By comparison though, most criminal suspects, even sometimes those accused of heinous offenses, are entitled to bail.

For detainees, ICE agents make an initial determination whether someone is eligible for bond. Federal law says most criminals, some asylum seekers, arriving immigrants who have problems with their documentation and those recently ordered removed from the country must remain in detention.

“We’re immigrants, and it makes it seem like it’s worse than a criminal,” said Sarjina Emy, a 20-year-old former honors student who spent nearly two years in a Florida lockup because her parents’ asylum claim was denied when she was a child. “I always thought America does so much for justice. I really thought you get a fair trial. You actually go to court. (U.S. authorities) know what they are doing. Now, I figured out that it only works for criminal citizens.”

Some advocates and lawyers complain that ICE often stretches the definition of non-bondable categories to keep immigrants in custody. Immigrants can appeal adverse determinations, but while their claim works through the court system, they remain jailed.

For example, Zoubir Bouchikhi, an Algerian imam who has lived legally in the United States for 11 years, said by phone from a Houston detention center that he was placed in custody early this year and classified as “an arriving alien,” making him ineligible for bail. A homeowner with several U.S.-born children, Bouchikhi said he last entered the United States in 2006, on a legal visa.

The use of detention to ensure immigrants show up for immigration court comes at a high cost compared to alternatives like electronic ankle moni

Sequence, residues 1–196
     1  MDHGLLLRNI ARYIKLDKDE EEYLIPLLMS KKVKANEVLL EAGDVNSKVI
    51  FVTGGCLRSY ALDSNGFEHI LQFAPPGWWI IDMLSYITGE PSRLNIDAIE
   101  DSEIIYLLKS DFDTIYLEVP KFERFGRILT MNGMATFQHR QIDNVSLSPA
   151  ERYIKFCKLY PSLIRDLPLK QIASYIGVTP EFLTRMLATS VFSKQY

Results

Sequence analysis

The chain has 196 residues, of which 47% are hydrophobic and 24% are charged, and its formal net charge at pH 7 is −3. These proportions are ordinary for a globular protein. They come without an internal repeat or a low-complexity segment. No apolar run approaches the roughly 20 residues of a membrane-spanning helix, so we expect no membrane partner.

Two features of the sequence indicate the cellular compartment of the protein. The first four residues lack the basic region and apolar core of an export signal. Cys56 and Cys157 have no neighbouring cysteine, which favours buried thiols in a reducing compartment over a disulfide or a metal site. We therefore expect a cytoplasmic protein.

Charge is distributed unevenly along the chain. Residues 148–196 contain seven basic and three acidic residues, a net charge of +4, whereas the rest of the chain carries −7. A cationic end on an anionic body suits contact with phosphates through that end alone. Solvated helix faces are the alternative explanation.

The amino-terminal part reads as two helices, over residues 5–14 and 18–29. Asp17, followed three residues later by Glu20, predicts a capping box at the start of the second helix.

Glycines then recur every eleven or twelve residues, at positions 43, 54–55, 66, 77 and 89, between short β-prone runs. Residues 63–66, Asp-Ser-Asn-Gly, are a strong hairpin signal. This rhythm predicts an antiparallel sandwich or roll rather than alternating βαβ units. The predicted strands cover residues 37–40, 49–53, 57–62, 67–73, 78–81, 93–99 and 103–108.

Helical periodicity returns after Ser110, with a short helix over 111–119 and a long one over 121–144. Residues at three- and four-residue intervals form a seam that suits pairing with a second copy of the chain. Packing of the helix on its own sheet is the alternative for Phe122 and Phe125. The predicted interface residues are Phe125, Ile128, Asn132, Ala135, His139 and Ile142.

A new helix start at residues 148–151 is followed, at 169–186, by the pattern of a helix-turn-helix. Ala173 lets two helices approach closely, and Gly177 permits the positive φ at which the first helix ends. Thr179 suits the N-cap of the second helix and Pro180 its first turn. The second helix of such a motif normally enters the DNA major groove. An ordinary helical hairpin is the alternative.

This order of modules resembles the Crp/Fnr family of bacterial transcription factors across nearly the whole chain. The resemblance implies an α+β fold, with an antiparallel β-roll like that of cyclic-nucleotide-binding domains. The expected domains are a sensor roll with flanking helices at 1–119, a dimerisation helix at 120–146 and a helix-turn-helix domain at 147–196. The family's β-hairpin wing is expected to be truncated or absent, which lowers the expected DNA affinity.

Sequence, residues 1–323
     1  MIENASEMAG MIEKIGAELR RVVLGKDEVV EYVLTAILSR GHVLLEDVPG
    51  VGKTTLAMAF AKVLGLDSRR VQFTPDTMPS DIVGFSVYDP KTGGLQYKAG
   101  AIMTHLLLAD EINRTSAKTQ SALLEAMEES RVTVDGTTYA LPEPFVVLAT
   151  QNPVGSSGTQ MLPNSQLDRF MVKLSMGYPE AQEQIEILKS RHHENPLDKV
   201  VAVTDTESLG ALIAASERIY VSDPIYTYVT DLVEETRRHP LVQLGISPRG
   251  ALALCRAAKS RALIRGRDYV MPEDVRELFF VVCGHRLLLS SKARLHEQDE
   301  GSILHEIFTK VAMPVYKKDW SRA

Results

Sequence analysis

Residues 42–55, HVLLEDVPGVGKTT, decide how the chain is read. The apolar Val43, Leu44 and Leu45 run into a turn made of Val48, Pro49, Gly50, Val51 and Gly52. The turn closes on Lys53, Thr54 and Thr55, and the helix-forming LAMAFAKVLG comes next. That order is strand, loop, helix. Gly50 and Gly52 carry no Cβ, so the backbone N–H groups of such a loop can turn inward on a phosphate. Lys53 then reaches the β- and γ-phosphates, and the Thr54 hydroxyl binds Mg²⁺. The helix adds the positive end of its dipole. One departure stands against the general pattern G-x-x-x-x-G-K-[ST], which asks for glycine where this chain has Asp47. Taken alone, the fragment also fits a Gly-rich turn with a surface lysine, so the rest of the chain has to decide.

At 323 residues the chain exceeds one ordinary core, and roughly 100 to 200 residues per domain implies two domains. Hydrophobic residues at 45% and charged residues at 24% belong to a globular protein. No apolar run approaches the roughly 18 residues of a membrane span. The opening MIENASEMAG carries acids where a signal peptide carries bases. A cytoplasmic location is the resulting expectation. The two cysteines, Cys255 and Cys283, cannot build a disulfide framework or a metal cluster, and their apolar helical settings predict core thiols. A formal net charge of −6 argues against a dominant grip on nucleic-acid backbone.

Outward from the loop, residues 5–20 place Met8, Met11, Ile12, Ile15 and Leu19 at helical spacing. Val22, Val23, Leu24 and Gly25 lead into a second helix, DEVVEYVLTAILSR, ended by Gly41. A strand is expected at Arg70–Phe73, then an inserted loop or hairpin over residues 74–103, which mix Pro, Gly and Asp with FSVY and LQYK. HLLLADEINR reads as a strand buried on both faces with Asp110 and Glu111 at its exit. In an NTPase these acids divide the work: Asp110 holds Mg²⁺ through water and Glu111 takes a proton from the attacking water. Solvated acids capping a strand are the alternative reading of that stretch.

Best answer:

Answer by Pinky
The article is not about illegal immigration, it is about HUMAN rights, illegal or legal. If you read well, not all detainees are illegals, and even if they ask to be deported, they do not deport them after all, costing $ $ $ to the US.
The article is trying to show that the goverment incarcerate a bunch of immigrants, without even bothering to prove their legal status:

“The data show that 18,690 immigrants had no criminal conviction, not even for illegal entry or low-level crimes like trespassing”

But wait a minute…if you search on YA, in the immigration section, you will see a bunch of people that are xenophobic, and will argue that:
illegals do not pay taxes, are lazy, get free education, are here ILLEGALY, are CRIMINALS…but the REAL DATA presents a different scenario. 18,690 did not had a crimal conviction (included entering illegaly), they do have jobs like any normal american=do not take welfare, so…why they took them away and incarcerated them without attorneys, bail, or even a hearing=why deny them some of the basic rights? the legal system just do not want anyone that knows a second language, that is brown or has other religion in this country…if you are different=you have to get out of the country asap, even if you are here legally.

Look at this:
“El tercero le fue incautado entre el 1992 y 1993 por las autoridades migratorias estadounidenses en el aeropuerto internacional de San Juan, Puerto Rico, para verificar su validez.”

this is an article about a puetorican that got stuck 11 years in dominican republic because the goverment (US) took his passport in the airport and in the US embassy denied all the evidence he had to prove he was a puertorican (all puertoricans are citizens)… is not the only case.

Give your answer to this question below!